Furthermore, evidence has shown that recycling of waste plastic and their mixtures have been used for the fuel production process at the medium heat temperature range from 200 to 420 ºC (Sarker et al. 2012). Moreover, it is evident from the studies of Miandial et al. that the liquid oil synthesized from the catalytic thermal treatment of plastic polymers ( PS, PE, PP, and PET) in particular or a mixture of the different proportion has a high quantity of range of aromatic compounds that are found in petroleum fuel products (Miandad et al. 2019). The liquid oil from the pyrolysis of these plastic wastes has a high heating value (HHV) of 41.7–44.2 MJ/kg, near to the conventional diesel (Miandad et al. 2019). Accordingly, the pyrolysis oil obtained from several plastic wastes has the prospective to be recycled as a substitute for conventional energy sources. According to (Lee et al. 2015) and (Rehan et al. 2016), electricity generation from pyrolysis liquid oil is attained in a diesel engine. (Saptoadi and Pratama 2015) effectively utilized Pyrolytic liquid oil as a substitute in a kerosene stove. Besides, the aromatic compounds can be used as a resource for polymerization in many chemical industries (Sarker et al. 2012; Shah and Jan 2015). In addition, several scholars used the produced liquid oil in transport sectors as fuel after mixing with commercial diesel at different ratios. Several investigations were also performed to discover the potential of pyrolysis liquid oil from the perspective of locomotive performance and automobile exhaust gas emission. (Nileshkumar et al. 2015) and (Lee et al. 2015) stated that a 20:80% mixing ratio of pyrolytic oil and conventional diesel, respectively, offered analogous engine performance effects than conventional diesel.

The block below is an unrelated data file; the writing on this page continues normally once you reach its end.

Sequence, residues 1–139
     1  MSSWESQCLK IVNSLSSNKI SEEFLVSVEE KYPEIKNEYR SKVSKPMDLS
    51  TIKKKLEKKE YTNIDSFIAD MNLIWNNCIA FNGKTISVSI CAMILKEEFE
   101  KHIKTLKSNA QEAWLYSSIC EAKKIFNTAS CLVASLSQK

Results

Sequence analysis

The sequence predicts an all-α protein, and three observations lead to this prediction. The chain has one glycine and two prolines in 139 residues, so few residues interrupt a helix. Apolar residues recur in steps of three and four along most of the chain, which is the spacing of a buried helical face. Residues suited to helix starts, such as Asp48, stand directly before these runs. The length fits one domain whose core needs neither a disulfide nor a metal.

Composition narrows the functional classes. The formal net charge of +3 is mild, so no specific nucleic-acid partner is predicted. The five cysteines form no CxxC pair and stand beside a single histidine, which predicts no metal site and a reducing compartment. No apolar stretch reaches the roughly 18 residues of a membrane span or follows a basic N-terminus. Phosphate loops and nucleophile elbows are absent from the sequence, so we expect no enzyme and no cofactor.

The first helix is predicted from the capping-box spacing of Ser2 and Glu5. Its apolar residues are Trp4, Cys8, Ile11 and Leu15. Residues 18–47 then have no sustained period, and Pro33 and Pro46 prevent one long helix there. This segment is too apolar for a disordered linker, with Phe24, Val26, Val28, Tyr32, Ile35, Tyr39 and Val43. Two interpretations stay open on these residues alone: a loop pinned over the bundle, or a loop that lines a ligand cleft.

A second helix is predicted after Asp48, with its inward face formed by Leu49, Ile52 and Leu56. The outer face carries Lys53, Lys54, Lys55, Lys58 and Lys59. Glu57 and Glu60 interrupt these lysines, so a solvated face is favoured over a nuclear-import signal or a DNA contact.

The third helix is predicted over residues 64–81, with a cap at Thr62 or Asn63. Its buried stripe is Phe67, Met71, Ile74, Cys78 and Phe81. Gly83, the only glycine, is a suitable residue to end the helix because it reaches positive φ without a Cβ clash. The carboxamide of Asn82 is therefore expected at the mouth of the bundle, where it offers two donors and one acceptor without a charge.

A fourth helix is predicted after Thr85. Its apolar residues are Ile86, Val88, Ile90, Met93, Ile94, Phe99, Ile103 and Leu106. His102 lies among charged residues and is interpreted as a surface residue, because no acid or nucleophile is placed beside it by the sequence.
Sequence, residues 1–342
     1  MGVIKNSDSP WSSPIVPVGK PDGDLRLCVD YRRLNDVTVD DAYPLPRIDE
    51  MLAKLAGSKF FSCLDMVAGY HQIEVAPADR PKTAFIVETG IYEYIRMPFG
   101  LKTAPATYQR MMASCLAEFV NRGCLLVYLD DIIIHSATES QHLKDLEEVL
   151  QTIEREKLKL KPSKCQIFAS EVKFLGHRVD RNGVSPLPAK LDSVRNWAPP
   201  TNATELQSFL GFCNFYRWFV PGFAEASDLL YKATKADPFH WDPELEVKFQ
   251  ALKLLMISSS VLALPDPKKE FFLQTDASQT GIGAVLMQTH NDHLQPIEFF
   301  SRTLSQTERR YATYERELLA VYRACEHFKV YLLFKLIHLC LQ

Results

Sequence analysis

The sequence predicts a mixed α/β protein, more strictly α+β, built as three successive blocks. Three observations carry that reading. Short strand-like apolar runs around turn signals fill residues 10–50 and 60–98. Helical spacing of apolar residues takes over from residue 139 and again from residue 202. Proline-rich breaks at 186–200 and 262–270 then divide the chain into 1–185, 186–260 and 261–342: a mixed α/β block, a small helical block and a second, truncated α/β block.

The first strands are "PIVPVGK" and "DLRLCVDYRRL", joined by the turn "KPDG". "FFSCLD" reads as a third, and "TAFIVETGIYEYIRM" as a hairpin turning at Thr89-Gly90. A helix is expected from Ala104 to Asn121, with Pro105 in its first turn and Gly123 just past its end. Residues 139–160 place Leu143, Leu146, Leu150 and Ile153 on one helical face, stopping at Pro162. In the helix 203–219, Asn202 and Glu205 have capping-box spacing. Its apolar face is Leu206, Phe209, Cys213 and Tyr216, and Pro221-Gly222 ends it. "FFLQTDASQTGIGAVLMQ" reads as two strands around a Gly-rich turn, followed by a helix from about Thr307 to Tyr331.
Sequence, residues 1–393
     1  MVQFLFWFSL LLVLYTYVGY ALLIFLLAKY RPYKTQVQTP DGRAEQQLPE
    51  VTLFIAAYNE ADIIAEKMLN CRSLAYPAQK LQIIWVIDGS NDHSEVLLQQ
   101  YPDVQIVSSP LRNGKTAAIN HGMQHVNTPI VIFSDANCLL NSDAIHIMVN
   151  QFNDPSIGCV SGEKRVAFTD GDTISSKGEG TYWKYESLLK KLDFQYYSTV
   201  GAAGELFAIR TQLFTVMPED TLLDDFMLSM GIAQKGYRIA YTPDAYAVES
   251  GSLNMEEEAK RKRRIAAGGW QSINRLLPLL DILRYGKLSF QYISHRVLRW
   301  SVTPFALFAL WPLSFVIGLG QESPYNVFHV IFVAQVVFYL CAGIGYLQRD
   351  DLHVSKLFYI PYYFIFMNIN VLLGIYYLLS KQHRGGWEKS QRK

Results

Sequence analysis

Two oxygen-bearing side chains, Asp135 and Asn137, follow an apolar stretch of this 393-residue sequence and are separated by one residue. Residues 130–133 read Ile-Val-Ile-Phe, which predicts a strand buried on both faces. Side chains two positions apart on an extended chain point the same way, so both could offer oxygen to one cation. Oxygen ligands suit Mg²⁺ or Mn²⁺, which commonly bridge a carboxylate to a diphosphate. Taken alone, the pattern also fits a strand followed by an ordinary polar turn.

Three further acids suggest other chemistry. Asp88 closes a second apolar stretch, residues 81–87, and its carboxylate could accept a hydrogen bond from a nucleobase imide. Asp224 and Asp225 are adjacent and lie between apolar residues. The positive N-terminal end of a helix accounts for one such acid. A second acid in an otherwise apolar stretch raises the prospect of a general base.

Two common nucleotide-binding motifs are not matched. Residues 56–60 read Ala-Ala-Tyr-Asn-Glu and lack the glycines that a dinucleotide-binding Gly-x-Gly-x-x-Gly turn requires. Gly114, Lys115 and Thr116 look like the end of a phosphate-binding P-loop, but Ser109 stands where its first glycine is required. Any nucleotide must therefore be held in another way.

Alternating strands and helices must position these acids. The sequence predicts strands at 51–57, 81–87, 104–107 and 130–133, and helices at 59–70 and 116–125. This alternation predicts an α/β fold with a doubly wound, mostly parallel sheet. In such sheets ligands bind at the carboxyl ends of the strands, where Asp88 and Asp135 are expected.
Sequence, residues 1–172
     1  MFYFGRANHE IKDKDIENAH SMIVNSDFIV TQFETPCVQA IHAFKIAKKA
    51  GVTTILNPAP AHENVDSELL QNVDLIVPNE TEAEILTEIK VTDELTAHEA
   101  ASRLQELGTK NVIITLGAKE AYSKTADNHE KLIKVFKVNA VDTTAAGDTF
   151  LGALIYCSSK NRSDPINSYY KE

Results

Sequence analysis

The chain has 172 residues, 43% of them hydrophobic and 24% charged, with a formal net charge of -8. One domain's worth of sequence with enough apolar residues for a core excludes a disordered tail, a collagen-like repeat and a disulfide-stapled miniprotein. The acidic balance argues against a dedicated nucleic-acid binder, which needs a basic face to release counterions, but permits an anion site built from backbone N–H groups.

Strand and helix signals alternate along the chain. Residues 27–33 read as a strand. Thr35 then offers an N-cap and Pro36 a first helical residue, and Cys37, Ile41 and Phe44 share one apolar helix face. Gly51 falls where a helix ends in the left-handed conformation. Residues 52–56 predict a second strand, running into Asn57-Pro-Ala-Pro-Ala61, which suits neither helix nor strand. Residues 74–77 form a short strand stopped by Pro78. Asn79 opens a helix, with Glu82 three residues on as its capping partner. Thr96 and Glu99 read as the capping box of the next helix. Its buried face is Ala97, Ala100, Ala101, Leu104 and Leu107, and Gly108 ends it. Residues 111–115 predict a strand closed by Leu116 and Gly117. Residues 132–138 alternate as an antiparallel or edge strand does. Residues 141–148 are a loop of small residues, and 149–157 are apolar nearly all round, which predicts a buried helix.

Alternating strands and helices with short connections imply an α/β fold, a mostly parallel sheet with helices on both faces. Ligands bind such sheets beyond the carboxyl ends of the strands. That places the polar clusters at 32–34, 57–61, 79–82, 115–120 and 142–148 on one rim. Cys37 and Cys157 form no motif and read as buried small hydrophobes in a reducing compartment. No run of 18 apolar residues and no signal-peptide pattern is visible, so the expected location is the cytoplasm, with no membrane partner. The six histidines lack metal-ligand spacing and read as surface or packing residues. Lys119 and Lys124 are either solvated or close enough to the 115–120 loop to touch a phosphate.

The remaining char could be easily utilized as a fuel or a raw material for other petrochemicals (Kabakcı and Hacıbektaşoğlu 2017). The pyrolysis solid residue is composed of condensed organic residues and the inorganic phases, with an average high heating value of 28.5–29 MJ/kg (Kabakcı and Hacıbektaşoğlu 2017). The char can also be activated via steam and thermal activation for methylene blue dye adsorption from wastewater (López et al. 2011) (Bernardo 2011). Similarly, the char is also used for the synthesis of a novel carbon-metal adsorbent for Congo red in wastewater. Furthermore, the char can be used as a feedstock for the synthesis of activated carbon (Bernardo 2011) (Miandad et al. 2016).
The toxic by-products during pyrolysis can be controllable by adopting catalysts during the process and altering the operational parameters (heating rate, temperature, duration, etc.). Pyrolysis of plastic in a thermal closed reactor under an inert environment and/or CO2 also prevents toxic by-products formed through carbon rearrangement (Jung et al. 2021). Particularly, carbonaceous materials made for PPE can turn into three phases of pyrogenic products, including syngas (H2, CH4, and CO), condensable gaseous/liquid hydrocarbons, and solid residue (char) in single or multi-stage pyrolysis over catalyst. Moreover, toxic by-products could be minimized in the thermal degradation of plastic in presence of a catalyst. This process improves the production of a large quantity of liquid oil and condensable hydrocarbon due to its capability for dehydrogenation potentially reduced toxic by-product with technical completeness in terms of air pollution controls.